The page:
This is the final post on the problems of business process models for automating work, and one that sums it all up: hand drawn business process models simply are not agile enough.
The main points made in this sequence of blog posts are:
- Process Models are too much like programming
- besides that, organizations change more quickly than process models
- besides that, BPMN is too much of an imperative language for organizations
- besides that, CMMN is not declarative enough
- besides all that, a process model requires you be omniscient about your organization
- finally, besides all that, process models require agreement which is burdensome
The first couple represent the “dream” of process modeling, that a model would finally be effective where programming had become too difficult. Models were the rage! But business process models make explicit what was once implicit, and therein lies the rub.
Buoyed by the dream, two modeling standards were developed, but still the problem is one of “fit”. These modeling formalisms were defined in a command-and-control way, which really only works when you can micromanage everything. Organizations are fractal, and in the end the detail defeats any attempt to make a complete picture.
More importantly, the problem lies not in failing the dream and not because the formalism is lacking, but quite simply: a command-and-control approach only works if the designer is in a position to know everything that will ever need to be known about the process. They have to bake into the process model every conceivable swerve and dodge. I call this the omniscience problem, and in any organization with more than 100 people the details simply can not be gathered fast enough before they change.
Ultimately, if you could gather all that quickly and completely, and had an ideal formalism that allowed expression of all detail in an easy-to-maintain way, the biggest barrier is that people are invited to sign-off on a completed process. After that, the model can only be changed if they sign-off on every change. The completed process effects every worker in the organization, and because of that changes can not be allowed without a proper representative of every person in the organization. Some organizations delay months and years just because they can’t find anyone with enough time to approve the changes to the model.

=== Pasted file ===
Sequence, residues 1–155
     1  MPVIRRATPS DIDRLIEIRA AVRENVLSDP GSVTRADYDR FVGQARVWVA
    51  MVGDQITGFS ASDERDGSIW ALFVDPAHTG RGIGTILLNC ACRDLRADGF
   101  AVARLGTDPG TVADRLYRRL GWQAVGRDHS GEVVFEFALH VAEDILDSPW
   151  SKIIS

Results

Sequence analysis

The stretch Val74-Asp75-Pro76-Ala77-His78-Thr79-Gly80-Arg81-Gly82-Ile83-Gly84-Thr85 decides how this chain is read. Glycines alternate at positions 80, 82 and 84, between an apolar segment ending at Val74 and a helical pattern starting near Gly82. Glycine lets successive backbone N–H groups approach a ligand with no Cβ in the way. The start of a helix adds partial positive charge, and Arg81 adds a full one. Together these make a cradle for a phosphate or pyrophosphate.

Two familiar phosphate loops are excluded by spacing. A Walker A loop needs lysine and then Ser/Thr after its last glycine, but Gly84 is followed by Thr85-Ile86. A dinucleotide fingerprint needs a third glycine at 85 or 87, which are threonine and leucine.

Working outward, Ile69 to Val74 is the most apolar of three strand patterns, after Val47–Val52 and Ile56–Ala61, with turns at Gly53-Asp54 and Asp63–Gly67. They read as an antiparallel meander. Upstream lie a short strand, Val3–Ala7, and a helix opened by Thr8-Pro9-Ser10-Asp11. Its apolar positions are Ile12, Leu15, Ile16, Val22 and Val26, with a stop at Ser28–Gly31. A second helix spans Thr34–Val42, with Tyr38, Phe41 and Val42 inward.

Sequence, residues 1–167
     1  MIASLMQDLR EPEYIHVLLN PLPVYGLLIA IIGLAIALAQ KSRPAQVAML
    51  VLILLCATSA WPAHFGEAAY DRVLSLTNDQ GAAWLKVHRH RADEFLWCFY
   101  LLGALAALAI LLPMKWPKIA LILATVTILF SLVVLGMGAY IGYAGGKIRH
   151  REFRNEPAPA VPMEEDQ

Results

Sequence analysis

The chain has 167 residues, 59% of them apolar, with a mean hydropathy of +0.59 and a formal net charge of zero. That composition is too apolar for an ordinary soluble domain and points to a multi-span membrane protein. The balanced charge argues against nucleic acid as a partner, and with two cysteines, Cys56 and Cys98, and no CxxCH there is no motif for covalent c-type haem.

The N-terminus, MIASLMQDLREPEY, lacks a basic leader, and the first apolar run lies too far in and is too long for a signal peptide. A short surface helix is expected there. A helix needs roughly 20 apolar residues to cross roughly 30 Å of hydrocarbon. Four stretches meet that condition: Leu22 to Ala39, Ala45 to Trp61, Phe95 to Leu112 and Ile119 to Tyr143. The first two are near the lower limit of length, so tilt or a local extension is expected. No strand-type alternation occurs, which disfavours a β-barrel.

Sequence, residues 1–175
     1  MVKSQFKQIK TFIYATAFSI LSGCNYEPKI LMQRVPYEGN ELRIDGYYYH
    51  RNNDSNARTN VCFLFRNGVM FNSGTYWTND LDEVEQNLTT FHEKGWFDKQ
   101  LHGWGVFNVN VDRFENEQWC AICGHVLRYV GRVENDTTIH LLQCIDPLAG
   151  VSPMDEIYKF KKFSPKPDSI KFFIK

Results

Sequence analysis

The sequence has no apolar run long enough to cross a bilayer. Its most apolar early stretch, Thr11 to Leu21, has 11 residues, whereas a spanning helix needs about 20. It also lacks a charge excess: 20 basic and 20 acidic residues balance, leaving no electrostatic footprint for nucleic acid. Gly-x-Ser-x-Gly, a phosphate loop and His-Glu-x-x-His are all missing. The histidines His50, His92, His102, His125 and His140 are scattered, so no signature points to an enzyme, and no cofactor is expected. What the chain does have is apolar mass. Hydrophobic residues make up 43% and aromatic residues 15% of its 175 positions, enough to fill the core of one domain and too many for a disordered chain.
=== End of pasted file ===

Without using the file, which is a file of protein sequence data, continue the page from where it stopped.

Where Have We Seen This Before?
We have seen people try to make elaborate super detailed plans, only to have the attempt dashed, and that is in the software field. The Waterfall Model of software development was popularized in the 1970’s in an article by Winston W. Royce — who incidentally was presenting it as an example of why it is a problem — and was broadly embraced by the IEEE and other professional organizations. That model was largely discredited by the 1990’s because the effort to make the elaborate plans outweighed any benefit you got from them. Herculean efforts would be spent to keep the plan up to date with discoveries about the problem space. Or worse, the plans were not kept up to date, which greatly disrupted the ability to ship the product.
The Agile movement (starting in the late 1980s) showed that it was better to have simple cycles of doing and reflecting and improving than to cast an elaborate plan in concrete. When it is easier to write the software, than it is to write a document about the software, the conclusion is that instead of writing a long design document for review, just write the software for review. Then get the real customer input, and if necessary re-write the software, but you are almost always ahead because you did not need to write the large complicated design document.
Agile is not uncontrolled chaos. It is, rather, controlled chaos. It lets the software development move forward quickly, but at the same time uses reviews and introspection by the actual customers to make sure they are implementing the right things.
Summary: hand built business process models are simply not Agile!
Business process models need to be “minimum viable processes” – but that is not what you get with a hand built process model. The process model is a single canvas full of all the detail across the entire organization that is fixed in one place. The review time is separate from the actual work time. The people who review it are often not even the people who actually do the work. A large investment is made before the process is rolled out, but then one must recoup that investment before the next organization change sends you back to the drawing board.
Instead, what you need is
- a multitude of canvasses which every participant can draw their own part
- an ability to assemble those into a single integrated process
- continue to updating the process to be fit to the organization as the details change
- a system to alert you to mis-matches, and address those in a way that remembers for the future.
- a system that learns over time what the members of the organizations need to get work done
What organizations are demanding is Agility in the business office. An elaborated business process model ties the organization down in ways that hold the organization back.
In my next few posts, I will be finally elaborating Emergent Synthetic Processes (ESP) as a dramatically different approach that addresses the problem of agility in the office by moving beyond the business process model.